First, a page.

The rooftops of NYC in the summer have a special sparkle. Maybe it’s the humidity bloating my brain, but climb a few flights above pavement and the stars work their magic with more strength. Last week I found myself hovering above 9th street with a framed view of the Empire State Building while an old friend serenaded us with a concert in the sky. I had not seen Shenandoah since we were seniors in high school, but thanks to a serendipitous F’Book message I found myself invited to this evening of music, price of entry: one bottle rosé.
Her sounds inspired our revelry, our delirious socializing, artists and students. A quintessentially New York evening; that John Cameron Mitchell perched himself in the audience was only natural. Find Shenandoah here, watch her videos here. Get drunk on her noise.
By the end of the night I found myself hugging a college classmate whom I also hadn’t seen in ages, the concentrated power of a rooftop to reacquaint friends on a late summer evening cannot be denied. While we sipped Lillet and caught up on the last 6 years, he used words like “partner” and “engaged.” At times I wasn’t sure if we were talking about his new business venture or his romantic success. At times I’m not sure there’s a difference.
I’ve always approached romance with a swollen cinematic eye, but this recent confusion of vocabularies has me thinking twice. There is so much overlap in the words we use to describe both contract-based and love-based relationships that I must be able to approach matters of the heart with a different point of view.
My recent endeavour to have a socially curated dating profile, while bold, has proven to be more of a flash in the pan than anything interesting. I invited my community to rewrite my bio, send messages to prospective dates and answer notes sent to me. A few friends took the baton and filled in charming answers to the OkCupid stock questions, many more supplied crude jokes and changed my age/orientation/religion/smoking preferences.
But again, the hope that this would turn into a glorious dating life was just another romantic-comedy daydream. Perhaps I’d be better off treating romance like a business, interviewing prospective partners for a long term collaboration, heartfelt or otherwise.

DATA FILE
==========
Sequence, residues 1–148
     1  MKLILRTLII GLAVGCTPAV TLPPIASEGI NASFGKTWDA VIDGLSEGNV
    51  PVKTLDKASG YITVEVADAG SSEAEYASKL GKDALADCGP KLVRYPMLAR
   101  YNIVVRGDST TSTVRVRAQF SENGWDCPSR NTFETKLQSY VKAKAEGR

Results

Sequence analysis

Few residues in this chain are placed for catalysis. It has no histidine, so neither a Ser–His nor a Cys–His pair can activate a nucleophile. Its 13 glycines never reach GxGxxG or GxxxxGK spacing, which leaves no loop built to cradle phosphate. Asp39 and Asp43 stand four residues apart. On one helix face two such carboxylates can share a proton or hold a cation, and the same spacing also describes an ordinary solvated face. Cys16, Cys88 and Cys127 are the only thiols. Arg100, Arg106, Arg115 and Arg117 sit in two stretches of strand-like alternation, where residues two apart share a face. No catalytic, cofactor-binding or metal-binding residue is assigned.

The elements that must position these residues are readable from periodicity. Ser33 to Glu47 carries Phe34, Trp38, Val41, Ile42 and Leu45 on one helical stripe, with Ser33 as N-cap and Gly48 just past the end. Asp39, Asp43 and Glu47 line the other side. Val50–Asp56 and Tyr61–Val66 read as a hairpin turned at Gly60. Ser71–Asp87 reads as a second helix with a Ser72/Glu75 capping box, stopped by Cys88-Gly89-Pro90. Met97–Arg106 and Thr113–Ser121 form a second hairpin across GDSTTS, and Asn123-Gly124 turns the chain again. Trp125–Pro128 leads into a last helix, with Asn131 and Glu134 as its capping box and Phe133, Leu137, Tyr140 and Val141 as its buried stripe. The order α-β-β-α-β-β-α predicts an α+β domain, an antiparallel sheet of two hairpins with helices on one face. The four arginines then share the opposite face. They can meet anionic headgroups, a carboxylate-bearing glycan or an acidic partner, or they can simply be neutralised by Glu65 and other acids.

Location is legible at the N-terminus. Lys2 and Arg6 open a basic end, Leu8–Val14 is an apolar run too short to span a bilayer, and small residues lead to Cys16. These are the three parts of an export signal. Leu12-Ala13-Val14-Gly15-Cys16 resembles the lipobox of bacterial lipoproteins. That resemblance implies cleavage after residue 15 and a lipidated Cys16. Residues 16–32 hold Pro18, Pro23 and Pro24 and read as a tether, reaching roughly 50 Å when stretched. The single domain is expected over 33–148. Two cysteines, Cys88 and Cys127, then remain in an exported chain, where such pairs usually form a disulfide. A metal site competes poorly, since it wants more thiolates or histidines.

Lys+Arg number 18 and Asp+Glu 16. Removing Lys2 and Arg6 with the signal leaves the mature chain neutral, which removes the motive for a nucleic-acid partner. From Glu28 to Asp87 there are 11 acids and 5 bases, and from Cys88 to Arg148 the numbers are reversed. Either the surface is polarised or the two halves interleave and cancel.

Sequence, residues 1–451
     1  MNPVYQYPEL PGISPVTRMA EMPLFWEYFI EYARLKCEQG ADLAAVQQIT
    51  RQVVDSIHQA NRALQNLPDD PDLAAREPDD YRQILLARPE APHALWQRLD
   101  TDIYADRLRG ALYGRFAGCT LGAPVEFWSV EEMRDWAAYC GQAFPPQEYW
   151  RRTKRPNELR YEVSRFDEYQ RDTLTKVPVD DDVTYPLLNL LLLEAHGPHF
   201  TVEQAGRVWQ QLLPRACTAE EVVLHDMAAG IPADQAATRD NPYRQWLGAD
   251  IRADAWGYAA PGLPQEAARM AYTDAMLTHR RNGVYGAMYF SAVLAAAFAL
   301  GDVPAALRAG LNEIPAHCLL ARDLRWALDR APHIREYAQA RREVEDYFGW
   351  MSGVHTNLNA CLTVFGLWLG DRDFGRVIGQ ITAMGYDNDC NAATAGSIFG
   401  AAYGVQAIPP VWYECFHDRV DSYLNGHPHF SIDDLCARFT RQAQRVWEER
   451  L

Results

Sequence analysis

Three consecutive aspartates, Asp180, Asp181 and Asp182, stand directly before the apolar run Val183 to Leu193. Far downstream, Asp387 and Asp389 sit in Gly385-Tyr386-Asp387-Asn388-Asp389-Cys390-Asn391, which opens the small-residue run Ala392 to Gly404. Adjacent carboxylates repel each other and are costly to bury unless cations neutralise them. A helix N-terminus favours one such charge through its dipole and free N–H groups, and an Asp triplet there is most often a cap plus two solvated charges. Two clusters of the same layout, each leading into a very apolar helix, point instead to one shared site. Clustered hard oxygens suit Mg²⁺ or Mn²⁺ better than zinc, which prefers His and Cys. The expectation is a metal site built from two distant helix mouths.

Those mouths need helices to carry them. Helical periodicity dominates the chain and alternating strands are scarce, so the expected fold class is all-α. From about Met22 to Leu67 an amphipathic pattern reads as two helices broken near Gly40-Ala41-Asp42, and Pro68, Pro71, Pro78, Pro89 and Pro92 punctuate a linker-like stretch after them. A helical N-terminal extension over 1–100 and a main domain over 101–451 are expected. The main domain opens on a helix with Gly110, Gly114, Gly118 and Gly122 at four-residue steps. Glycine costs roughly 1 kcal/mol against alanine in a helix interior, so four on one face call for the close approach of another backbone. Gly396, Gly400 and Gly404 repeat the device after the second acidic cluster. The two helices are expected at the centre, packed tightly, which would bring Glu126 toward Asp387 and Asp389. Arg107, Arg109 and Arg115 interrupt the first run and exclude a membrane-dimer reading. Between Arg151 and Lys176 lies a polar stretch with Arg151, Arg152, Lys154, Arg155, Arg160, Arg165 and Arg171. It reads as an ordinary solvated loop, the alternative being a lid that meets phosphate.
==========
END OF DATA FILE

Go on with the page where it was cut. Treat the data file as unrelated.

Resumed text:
As we close out the summer and crisp up into fall, I leave you with this recipe for a roasted tomatillo salsa. Markets are flush with peppers and tomatoes, tomatillos and onions right now. Make use of the bounty and stock up this bright sauce for a dark day in the winter to come.
Thoughts on the confluence of language over romance and business? Do you find one mindset serves you better than another? I’ll try to spend my September finding rooftops and conducting interviews, the days are getting shorter.
- 2 pounds Tomatillos
- 2 Serrano Chilis
- 2 Jalapenos
- 2 Banana or Anaheim Chilies
- 2 Yellow Onions
- 1 head of Garlic
- 3-4 tablespoons Olive Oil
- Juice of one Lime
- Salt and Pepper to taste
- Heat your oven to 350 degrees.
- Remove the husk from your tomatillos and give them a quick rinse under warm water. They can be a bit sticky, don’t panic. When you’re done with the tomatillos, peel the garlic cloves and slice the onion into quarters or eighths.
- Toss all the tomatillos, peppers, onion and garlic into a roasting tray and drizzle some olive oil on top. A little salt and pepper won’t hurt here either, but you can also wait until the sauce is made to add seasonings.
- Roast the veggies at 350 until they’re slightly burnished, a bit withered and tender as a dream.
- Dump the newly roasted peppers and tomatillos etc. into a food processor with the lime juice, salt and pepper and give her a spin.
- Buzz the sauce until it’s to your liking, this can be smooth or chunky.
- Serve with chips as salsa and you’ll be the reigning champ of snacktime. Or, pick up a few chicken legs, sear them on the skin, flip them over and cook them slowly in the sauce for dinner. You can’t lose.
Makes 3 pints. Freeze some.